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Author Topic: Services SETA was under administration in July 2013

Posts: 85
Services SETA was under administration in July 2013
on: August 9, 2014, 07:37

The Services SETA was under administration in July 2013 after being under administration for two and a half years. The main reason for that SETA being placed under administration was the costliness of its achievements. For example, one year’s learning for one learner cost more than three years of university education. The audit report for 2012/13 showed R292m could not be accounted for.

Posts: 85
Re: Services SETA was under administration in July 2013
on: August 9, 2014, 07:40

Services SETA presentation
Mr Themba Mhambi, Chair of the Accounting Authority (Board) of the Services SETA said that the SETA had been under administration for two and a half years (to July 2013), after which the Board had been established. The main reason for the SETA being placed under its administration was the costliness of its achievements. For example one year’s learning for one learner cost more than three years of university education. Mr Mhambi said he had been an administrator for 22 other entities and the recent administration had faced the following challenges:

▪ Paralysis of investigations, combined with neglect of day to day processes
▪ External focus on international activities
▪ A highly skilled workforce which was not well utilised
▪ Poor record keeping
▪ Combined accounting and executive functions, which rendered the Chief Executive Officer accountable to himself.

Mr Mhambi gave an overview of the Auditor-General’s 2012/13 audit report. R292m could not be accounted for. Projects prior to July 2013 would be subject to scrutiny and a validation exercise undergone. There were significant uncertainties regarding lawsuits and all legal matters on the books were being independently reviewed by a contracted legal practitioner. In response to the Auditor-General finding of ‘restatement of corresponding figures resulting from errors in financial statements’ interim financial statements are prepared and reviewed by the Audit Committee to monitor progress monthly. With regard to the finding of irregular expenditure, deviations instead of condonations within the parameters of Treasury Regulations and Procurement Policy were applied. Supply Chain Management (SCM) was subject to a complete review of previous practices and appropriate action was taken. Financial misconduct was being investigated and matters concerning the previous executive and senior management were with the Hawks. One criminal investigation had resulted in an R80 000 fine and a suspended sentence but others were ongoing. A whistle blower who had sent anonymous emails was also being investigated for not following the proper channels. Fictitious learners were being investigated.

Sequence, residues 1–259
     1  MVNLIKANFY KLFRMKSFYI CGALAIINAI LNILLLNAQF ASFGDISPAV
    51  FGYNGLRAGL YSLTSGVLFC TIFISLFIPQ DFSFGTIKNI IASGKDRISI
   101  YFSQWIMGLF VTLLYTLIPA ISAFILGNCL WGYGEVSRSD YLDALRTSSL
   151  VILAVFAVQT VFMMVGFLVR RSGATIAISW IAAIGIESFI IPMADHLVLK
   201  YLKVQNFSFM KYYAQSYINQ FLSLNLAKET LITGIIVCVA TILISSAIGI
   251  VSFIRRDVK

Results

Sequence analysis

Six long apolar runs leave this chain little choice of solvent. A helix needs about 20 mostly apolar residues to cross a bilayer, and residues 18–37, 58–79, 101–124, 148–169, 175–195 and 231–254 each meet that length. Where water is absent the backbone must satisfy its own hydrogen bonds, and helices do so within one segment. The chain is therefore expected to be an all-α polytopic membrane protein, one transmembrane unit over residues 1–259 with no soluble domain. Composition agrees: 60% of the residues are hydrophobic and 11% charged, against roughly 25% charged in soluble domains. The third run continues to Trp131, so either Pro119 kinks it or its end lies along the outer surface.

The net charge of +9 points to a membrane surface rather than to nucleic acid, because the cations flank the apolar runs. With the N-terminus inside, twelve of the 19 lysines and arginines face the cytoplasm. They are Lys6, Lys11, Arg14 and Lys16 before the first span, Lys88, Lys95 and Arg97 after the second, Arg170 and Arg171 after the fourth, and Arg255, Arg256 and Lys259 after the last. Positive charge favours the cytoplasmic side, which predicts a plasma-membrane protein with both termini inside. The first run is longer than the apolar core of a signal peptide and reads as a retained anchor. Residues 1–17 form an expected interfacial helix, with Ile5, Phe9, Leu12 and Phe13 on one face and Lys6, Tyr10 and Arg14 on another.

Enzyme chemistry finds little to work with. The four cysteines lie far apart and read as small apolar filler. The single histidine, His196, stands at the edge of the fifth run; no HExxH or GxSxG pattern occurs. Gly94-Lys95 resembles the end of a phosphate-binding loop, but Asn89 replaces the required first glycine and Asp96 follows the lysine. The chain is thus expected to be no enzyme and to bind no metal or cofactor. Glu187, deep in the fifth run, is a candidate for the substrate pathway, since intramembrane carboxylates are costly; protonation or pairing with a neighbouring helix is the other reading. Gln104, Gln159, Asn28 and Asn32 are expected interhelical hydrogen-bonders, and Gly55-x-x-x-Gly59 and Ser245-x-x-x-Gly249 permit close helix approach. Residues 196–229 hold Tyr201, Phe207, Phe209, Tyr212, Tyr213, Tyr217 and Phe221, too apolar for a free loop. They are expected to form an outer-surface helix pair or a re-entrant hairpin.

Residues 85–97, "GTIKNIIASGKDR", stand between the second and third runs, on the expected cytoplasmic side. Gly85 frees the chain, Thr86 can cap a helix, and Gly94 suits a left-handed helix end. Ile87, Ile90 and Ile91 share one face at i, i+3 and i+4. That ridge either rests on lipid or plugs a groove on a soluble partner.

The Chief Executive Officer, Mr Johannes Mouton, gave an overview of core programmes audited. The Services SETA had aimed to increase the number of employers that submitted Workplace Skills Plans (WSPs) and Annual Training Reviews (ATRs) by 25% but had achieved an 18% increase. 27% of employers who received mandatory grant reimbursements did not submit WSPs and ATRs and the target had been 0%. The target for recognition of prior learning (RPL) was significantly overachieved (2000 against a target of 200). A backlog of certificates that had not been awarded had mostly been cleared. All learners were now linked to an identity number, employer, service provider (SP) and training qualification. The top and mid management vacancy rate was highest. There was now a paper trail linking any activities to expenditure.

Ms N Gina (ANC) was concerned about how the Committee should best play its oversight role. The last presentation by the SETA had been convincing about change and she was apprehensive about further disappointment. She said that an R80 000 fine sounded good but what was it balanced against?

Mr S Makhubele (ANC) reiterated the previous point. The fine for stealing a cow was R2000 but a cow could be sold for R10 000. He believed that the SETA situation had not changed and that, as a juristic person, the Chair of the Board should be blamed. Expenditure of R290m without records was a very large sum. Loopholes, not only in SCM but in top and middle management had to be dealt with. The administrator should not be seen as a messiah and it was believable that there was collaboration with the Department. He would like to know more about how 2000 learners were awarded RPL certificates, as a model of best practice.